Utilities at a crossroads

We recently attended the Marcus Evans Power Plant Management & Generation Summit, where we participated in discussions with utility industry leaders related to key drivers shaping the future of the industry. Common themes we heard at the conference included:

  • Industry in flux dealing with changing generation sources and regulatory environment

  • Continued focus on driving reliability and cost competitiveness

  • Changing workforce composition creating both challenges and opportunities

  • Inconsistent application of continuous improvement at the plant level

  • Lack of common operations excellence framework and support for continuous improvement at corporate level

There was quite a range of responses to these themes - some companies seizing these challenges as opportunities for proactive transformation, others with sporadic local adaptation, and still others in a reactionary, almost fatalistic panic or resignation. Although it may be tempting to take a wait-and-see approach given the outcome of the US elections, there is a huge amount of uncertainty as to how and when policies might actually change, and many of the above themes are already well in flight.

In the spirit of "never let a good crisis to go waste", we believe that there are opportunities to make preemptive changes in the industry that can help navigate the near-term challenges and create a culture of proactive problem-solving and continuous improvement to drive profitability into the future.

You can work on your culture, and make changes to the culture to create an environment where people accept the challenges of change and proactively push to work more efficiently together to consistently “get better at getting better”. These activities will help to create significant strategic value as you reduce risk and increase the return on capital. Keys to achieve this include:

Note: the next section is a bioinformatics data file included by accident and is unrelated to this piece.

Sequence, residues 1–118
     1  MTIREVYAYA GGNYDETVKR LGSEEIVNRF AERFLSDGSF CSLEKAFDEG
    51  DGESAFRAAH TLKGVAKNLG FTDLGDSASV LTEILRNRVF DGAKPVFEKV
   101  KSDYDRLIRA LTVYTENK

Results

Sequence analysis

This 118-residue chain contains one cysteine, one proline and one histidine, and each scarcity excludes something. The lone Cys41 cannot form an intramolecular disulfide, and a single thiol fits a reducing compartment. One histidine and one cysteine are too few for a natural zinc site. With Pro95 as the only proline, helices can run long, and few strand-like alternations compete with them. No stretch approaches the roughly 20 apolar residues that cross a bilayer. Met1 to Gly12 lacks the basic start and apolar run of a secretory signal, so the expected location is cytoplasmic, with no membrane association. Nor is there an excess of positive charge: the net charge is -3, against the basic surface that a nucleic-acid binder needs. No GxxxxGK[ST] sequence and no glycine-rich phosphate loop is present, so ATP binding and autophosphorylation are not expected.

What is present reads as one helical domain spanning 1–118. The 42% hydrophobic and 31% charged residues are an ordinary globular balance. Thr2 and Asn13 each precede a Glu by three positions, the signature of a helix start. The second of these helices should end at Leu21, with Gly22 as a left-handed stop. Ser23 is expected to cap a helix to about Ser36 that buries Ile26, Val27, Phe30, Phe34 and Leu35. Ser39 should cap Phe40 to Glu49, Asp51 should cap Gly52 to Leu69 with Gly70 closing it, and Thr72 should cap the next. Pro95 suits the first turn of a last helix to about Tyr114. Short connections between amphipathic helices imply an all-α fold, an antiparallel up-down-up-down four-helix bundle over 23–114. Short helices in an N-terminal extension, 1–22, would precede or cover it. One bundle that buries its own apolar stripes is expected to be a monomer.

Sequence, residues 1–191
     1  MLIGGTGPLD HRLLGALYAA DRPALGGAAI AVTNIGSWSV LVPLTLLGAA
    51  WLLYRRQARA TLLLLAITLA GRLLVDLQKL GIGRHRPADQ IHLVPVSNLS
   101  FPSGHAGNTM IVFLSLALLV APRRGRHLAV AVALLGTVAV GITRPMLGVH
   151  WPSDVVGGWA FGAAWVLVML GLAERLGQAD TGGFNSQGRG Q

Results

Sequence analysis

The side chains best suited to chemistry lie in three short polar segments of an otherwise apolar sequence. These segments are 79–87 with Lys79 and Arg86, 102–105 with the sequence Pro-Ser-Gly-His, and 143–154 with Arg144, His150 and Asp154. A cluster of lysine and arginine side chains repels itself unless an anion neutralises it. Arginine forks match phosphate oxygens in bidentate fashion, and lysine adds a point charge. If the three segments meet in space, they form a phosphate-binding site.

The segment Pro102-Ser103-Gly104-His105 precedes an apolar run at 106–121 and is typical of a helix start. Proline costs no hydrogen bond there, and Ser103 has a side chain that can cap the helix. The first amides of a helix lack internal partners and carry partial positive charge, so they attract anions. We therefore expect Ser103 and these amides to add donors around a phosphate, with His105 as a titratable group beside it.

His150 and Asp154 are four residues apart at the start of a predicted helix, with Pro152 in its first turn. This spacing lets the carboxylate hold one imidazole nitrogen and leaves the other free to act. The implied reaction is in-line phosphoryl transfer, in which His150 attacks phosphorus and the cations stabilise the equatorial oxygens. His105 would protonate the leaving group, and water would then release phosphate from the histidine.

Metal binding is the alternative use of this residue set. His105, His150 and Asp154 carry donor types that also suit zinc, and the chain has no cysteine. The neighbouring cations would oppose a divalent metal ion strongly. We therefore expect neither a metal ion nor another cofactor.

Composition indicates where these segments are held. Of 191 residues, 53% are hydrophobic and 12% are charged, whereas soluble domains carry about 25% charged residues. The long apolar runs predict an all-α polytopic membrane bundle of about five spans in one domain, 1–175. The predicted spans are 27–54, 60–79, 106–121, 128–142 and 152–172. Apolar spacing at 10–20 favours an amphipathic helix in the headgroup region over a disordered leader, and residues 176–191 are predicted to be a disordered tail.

You need to engage people in something that they can relate to at a personal and emotional level. Why should I get excited about this?

The change needs to be results-driven and deliver clear improvements of results along the way so that people can have the experience of working differently.

Explicit Behaviors
It is important to describe the desired behaviors for the new culture so that people are clear about practicing them and giving feedback. It’s critical to keep the behaviors simple and minimal (4-5). It can be helpful to provide illustrative examples of what this behavior would look like in action, as well as examples of what it would look like if it weren’t in action.

Working on the Business
You cannot change culture directly. You must make this change by working on the systems and processes that deliver value. It is important, therefore, to work on enough things (work flow, decision making, information flow, roles and accountabilities) that a critical mass of people have the opportunity to practice working differently together.

Programmatic Approach
It is important to ensure the cultural change effort isn’t just a series of initiatives, but is apparent as to how all the pieces fit together and it is managed programmatically.

Long Term
Sustainable culture change is a three-to five-year journey. Change happens at an individual level. Leadership needs to compel the people in the organization to continually work on the culture change throughout the journey.

Seth Tyler

As Chief Operating Officer, Seth has broad responsibility for oversight of all aspects of day-to-day operations, including program delivery, business development, marketing, finance and human resources. Seth began his career in Evolve as a Client Partner, working on site with clients to help them implement major change in their business. He played a significant role in helping to establish and build Evolve’s North American business.